Washington, DC -- Citing the threat of imminent starvation, the U.S. Bureau of Land Management has announced an emergency removal of all wild horses from northwest Wyoming, according to documents released today by Public Employees for Environmental Responsibility (PEER). Between August 5 and 8, BLM will permanently remove approximately 140 wild horses from the 83,000-acre Fifteenmile Wild Horse Herd Management Area (located between Casper and Cody) because range conditions have deteriorated to the point where the current 210-horse herd can no longer be sustained.
"Responsible range management has been utterly abandoned by BLM in Wyoming," stated PEER Executive Director Jeff Ruch whose organization nearly a year ago requested an investigation by the Interior Office of Inspector General into obstruction of BLM-Wyoming's enforcement against overgrazing violations. "Things are pretty pathetic when an 83,000-acre refuge can no longer support 200 head of horses."
A continuing drought is the principal cause of the poor forage but BLM has contributed to the problem by catering to cattle ranchers while ignoring deteriorating range conditions. Keeping the maximum number of cows on the range despite a continuing drought overtaxes the land and can lead to permanent damage Consequently, BLM is making a bad problem much worse by –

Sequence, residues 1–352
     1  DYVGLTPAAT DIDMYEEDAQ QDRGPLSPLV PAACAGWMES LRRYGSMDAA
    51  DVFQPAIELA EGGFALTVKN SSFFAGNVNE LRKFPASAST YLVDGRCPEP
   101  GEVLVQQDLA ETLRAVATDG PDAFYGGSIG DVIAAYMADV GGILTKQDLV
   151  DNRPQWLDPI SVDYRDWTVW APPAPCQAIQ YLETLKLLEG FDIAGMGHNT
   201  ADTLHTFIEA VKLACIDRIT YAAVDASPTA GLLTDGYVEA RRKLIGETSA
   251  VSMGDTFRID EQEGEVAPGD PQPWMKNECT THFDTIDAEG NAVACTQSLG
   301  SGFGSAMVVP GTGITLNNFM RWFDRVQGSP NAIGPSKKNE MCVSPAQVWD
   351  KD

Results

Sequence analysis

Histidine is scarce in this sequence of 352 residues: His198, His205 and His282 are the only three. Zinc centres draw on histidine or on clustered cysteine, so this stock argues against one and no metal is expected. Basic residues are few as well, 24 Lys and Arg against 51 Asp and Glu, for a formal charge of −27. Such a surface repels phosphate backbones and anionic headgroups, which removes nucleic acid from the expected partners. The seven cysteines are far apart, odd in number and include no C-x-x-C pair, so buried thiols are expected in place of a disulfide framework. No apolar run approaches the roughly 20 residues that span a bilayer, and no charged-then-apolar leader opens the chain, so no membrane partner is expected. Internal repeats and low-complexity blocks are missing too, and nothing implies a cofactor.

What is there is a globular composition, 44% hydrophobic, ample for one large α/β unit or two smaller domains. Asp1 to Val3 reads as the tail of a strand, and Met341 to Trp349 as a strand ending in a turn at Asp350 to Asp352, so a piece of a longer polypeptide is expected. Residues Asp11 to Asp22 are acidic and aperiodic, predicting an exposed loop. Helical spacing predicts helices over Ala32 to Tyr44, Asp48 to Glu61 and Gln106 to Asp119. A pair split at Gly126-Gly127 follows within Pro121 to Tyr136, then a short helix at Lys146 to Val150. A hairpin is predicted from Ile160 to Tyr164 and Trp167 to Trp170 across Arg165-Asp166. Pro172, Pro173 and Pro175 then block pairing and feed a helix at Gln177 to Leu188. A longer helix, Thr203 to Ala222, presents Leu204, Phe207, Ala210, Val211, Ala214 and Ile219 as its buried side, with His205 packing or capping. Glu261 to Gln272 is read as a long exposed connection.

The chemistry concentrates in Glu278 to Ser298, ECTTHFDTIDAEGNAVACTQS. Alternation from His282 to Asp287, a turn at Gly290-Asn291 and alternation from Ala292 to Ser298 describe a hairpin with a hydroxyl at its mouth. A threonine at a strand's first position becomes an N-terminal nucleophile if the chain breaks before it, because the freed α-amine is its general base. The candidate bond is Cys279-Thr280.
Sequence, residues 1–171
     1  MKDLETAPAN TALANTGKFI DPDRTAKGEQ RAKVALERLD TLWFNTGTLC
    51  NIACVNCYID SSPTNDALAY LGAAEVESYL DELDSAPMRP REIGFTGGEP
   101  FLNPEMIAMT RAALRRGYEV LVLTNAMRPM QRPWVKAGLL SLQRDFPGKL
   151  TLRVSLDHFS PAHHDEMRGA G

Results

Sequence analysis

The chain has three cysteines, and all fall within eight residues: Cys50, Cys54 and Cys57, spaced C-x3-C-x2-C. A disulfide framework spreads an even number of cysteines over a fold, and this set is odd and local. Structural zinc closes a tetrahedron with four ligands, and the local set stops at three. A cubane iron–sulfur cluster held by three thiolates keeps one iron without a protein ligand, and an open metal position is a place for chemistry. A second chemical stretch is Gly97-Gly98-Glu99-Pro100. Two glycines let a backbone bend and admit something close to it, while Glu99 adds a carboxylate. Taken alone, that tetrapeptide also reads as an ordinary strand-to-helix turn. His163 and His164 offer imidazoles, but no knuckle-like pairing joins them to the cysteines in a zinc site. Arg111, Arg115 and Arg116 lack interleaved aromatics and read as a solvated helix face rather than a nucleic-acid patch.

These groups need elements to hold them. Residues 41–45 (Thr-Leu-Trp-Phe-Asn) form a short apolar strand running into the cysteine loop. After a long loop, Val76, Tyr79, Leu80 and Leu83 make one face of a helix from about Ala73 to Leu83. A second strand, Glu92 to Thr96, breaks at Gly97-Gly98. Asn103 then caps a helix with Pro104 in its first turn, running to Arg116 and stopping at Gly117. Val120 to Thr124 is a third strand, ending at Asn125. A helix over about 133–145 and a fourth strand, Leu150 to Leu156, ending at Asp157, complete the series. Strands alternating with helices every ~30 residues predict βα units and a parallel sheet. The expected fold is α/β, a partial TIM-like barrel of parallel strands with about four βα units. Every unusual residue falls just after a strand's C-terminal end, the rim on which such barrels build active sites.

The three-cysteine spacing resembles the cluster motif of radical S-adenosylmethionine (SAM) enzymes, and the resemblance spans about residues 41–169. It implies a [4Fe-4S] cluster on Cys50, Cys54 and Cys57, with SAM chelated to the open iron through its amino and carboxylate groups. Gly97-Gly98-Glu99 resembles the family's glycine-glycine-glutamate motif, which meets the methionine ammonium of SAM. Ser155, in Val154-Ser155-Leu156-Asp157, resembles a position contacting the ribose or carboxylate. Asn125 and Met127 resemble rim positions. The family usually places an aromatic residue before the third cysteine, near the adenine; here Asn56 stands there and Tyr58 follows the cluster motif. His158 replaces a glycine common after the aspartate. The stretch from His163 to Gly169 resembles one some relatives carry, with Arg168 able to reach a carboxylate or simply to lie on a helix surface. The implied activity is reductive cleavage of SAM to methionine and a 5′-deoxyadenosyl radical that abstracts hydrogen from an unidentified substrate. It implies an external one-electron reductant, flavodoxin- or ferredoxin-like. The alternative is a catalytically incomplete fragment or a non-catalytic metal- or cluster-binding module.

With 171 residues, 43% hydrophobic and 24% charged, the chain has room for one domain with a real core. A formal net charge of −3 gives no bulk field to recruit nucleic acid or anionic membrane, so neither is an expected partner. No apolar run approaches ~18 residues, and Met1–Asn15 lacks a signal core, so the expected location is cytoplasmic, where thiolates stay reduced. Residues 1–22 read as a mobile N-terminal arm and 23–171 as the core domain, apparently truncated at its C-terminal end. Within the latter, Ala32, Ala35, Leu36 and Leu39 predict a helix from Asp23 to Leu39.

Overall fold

- Allowing cattle to graze in the Wild Horse Herd Management Area. BLM has refused to pursue grazing trespass reports;
- Permitting the maximum amount of cattle allowed in surrounding grazing allotments while admitting "there is competition for forage and water between livestock and wild horses"; and
- Refusing to assess the carrying capacity of its rangelands, thus leaving BLM in a passive position where it waits until emergencies to occur before it acts.
This is the same region where a local environmental group, Western Watersheds Project, is suing BLM for mismanagement of its range program. In addition, the investigation by the Office of Inspector General into PEER's complaint of enforcement obstruction ended months ago but the report is still under wraps.
"Parts of the public range in Wyoming resemble the most devastated stretches of the Sahel in Africa," Ruch continued. "As long as ranchers can use political chits to keep the maximum number of cattle on the range even in drought-stricken areas, the downward spiral in Wyoming will continue."